Wednesday, 15 January 2014

#323 Lizzy Borden - Visual Lies

The 1980s, I'm sure we can agree, did some very interesting things to rock and metal - some of them dreadful, some of them wonderful. Whether you consider Lizzy Borden among the former or the latter is entirely up to you, but myself? I'm frankly unashamed to deeply enjoy this sort of borderline hair-metal through which I can vicariously live the spirit of the 1980s - and not as a guilty pleasure, either - metal like this is may not be within my listening habits quite as often as the more extreme side of the coin, but nonetheless, I enjoy it easily as much, when the time is right.

The first thing to bear in mind with a "near-glam" release like this one is that, simply being catchy does not in any way mean it's a "watered down" version of something which would otherwise be a bit more ferocious - some riffs, after all, like the ones on Visual Lies, were born to cruise, not to race along. Pompous, mid-tempo riffs are one of the things which glam did a superb job of - warm, refreshing sonic scenery, coasting along as you nod your head to it. Lizzy Borden combines this with a dash of the properness of more legitimate metal - indeed, it's immediately quite notable that the band aren't generic glam, or in the slightest bit plastic. Sure, there's a bit of the swagger, the catchiness, and even the cheese present, but at the same time, Lizzy Borden are much more sonically interesting than that - both in terms of musicianship and composition. There is, simply put, a lot more going on in this record than any straight-up glam record I can bring to mind. The vocals are probably the most tangible, to my ear, reminder of this - far above the acceptable standard, to the point of nailing that old-school heavy metal virtuoso feel, giving the record a helping of moments which, beyond simply catchy, often journey into the land of being genuinely epic - the last track, "Visions" serving as a thorough demonstration of this fact, hitting lofty highs, while retaining a solid grittiness which is always welcome.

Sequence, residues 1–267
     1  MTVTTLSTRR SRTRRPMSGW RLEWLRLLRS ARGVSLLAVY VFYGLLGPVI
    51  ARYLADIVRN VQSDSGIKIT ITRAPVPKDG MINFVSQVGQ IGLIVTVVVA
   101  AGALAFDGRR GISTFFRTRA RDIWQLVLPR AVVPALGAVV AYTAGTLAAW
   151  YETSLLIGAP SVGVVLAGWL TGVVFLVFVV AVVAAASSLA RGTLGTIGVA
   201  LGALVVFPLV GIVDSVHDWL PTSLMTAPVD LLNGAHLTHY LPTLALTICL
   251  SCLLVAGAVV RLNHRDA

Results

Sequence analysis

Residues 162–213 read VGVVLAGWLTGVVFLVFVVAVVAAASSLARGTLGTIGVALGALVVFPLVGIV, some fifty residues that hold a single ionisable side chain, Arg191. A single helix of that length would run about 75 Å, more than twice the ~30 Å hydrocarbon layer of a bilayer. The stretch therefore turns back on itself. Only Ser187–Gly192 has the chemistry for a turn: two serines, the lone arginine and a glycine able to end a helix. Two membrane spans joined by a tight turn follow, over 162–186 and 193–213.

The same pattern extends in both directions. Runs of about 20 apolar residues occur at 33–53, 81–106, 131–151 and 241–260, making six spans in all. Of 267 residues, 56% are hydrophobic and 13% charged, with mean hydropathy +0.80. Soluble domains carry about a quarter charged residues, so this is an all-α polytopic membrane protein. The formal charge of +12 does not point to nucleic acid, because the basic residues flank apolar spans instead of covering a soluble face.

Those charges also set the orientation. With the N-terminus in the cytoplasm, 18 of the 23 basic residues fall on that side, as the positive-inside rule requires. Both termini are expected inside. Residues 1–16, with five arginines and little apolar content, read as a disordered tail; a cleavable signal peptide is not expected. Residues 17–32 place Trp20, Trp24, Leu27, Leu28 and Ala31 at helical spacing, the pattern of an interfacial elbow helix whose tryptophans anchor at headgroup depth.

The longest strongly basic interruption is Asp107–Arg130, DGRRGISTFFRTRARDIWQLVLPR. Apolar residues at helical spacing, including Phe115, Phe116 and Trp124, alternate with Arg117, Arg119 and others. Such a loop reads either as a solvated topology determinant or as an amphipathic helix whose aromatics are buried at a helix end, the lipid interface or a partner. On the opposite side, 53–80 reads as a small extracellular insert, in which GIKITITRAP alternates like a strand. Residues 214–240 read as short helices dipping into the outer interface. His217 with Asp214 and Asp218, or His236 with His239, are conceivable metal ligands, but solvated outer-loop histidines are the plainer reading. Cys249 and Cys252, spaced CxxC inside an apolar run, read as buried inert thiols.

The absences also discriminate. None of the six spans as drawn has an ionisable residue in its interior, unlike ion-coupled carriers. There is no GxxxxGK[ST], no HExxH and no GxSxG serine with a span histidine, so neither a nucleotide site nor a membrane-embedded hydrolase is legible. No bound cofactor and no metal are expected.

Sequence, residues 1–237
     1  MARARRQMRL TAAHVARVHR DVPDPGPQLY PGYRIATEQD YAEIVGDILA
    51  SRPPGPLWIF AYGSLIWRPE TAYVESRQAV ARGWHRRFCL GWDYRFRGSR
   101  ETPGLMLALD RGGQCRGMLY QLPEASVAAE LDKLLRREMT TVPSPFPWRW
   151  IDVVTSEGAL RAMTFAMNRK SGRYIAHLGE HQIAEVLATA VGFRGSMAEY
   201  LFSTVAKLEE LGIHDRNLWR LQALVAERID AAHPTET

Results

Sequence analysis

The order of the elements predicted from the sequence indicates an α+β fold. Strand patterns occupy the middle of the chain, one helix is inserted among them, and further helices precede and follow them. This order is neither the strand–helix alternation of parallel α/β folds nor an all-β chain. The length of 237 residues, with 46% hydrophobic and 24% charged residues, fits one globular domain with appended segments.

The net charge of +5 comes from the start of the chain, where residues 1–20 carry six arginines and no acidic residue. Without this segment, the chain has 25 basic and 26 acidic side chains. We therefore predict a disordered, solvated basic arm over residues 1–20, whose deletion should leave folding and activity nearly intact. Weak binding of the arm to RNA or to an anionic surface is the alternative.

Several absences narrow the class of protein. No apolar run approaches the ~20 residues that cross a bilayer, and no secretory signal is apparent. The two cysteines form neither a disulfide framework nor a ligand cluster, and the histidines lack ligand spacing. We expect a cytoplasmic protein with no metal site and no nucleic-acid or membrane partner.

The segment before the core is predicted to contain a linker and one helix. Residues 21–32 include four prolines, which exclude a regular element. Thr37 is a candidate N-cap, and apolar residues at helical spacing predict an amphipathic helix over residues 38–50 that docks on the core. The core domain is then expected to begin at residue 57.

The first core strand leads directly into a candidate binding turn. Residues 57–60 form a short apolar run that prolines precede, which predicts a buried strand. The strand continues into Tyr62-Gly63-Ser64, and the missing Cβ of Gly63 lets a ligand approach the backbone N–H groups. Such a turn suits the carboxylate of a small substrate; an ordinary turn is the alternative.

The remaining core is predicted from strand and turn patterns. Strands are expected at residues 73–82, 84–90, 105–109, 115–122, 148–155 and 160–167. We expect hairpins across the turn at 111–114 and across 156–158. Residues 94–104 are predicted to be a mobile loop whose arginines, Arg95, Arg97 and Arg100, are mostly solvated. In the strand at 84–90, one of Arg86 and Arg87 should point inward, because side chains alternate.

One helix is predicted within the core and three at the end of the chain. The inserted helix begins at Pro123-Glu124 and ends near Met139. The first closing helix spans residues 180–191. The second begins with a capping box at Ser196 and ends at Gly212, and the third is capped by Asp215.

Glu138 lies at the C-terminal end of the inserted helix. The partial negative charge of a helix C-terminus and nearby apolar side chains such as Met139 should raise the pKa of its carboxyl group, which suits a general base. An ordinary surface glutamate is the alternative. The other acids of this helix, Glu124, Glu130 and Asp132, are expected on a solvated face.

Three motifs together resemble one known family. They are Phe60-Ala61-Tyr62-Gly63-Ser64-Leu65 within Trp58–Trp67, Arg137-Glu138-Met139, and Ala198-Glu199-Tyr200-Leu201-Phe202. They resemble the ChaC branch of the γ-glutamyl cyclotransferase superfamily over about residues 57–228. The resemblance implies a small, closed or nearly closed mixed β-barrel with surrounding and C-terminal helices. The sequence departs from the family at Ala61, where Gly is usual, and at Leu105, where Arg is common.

Naturally, perhaps, catchiness is still the most profound element of the music. You find yourself being able to sing along to the choruses from the second listen, with ease, and while many of said choruses are quite accessible and simple, they are, as the saying goes, simple but effective - just about every song has one, but at the same time the recipe doesn't get tired. Some might argue that it's a bit repetitive, and to some extent, perhaps this is true - but it's practically what I'd want an album of this sort to be. Sometimes, predictability makes an album a great one, and not capriciousness, and this is certainly one such record. Visual Lies, for the most part, is the sort of album on which you can chart the path of any given song relatively easily - indeed, you tend to see precisely where the tracks are going. The consequence of this is not mundanity, but a sort of rewarding addition to it's sheer inherant catchiness - piled on top comes a sort of comforting closure - moments of "oooh, I knew it was going to do that" when a song obeys our expectations. The monstrous choruses arrive precisely when we expect them to, and the riffs in-between are likewise intuitive. However, this is neatly balanced with the above-mentioned top-notch composition and musicianship, which creates a record which, while outrageously catchy, is also exceedingly interesting to listen to, as opposed to bland. A great compromise indeed.

And there we have it - some of the finest pomposity and cruising goodness which the 1980s had to offer - a far cry from some traditional metal, I grant you, but also a far cry from the pale imitations of metal which have forever sprung up in its wake - Lizzy Borden is legitimate, and God damn if it isn't some of the catchiest metal I've heard in months.

This is a 7.5/10.

Lizzy Borden Official Site
Lizzy Borden on Facebook
Lizzy Borden on Metal Archives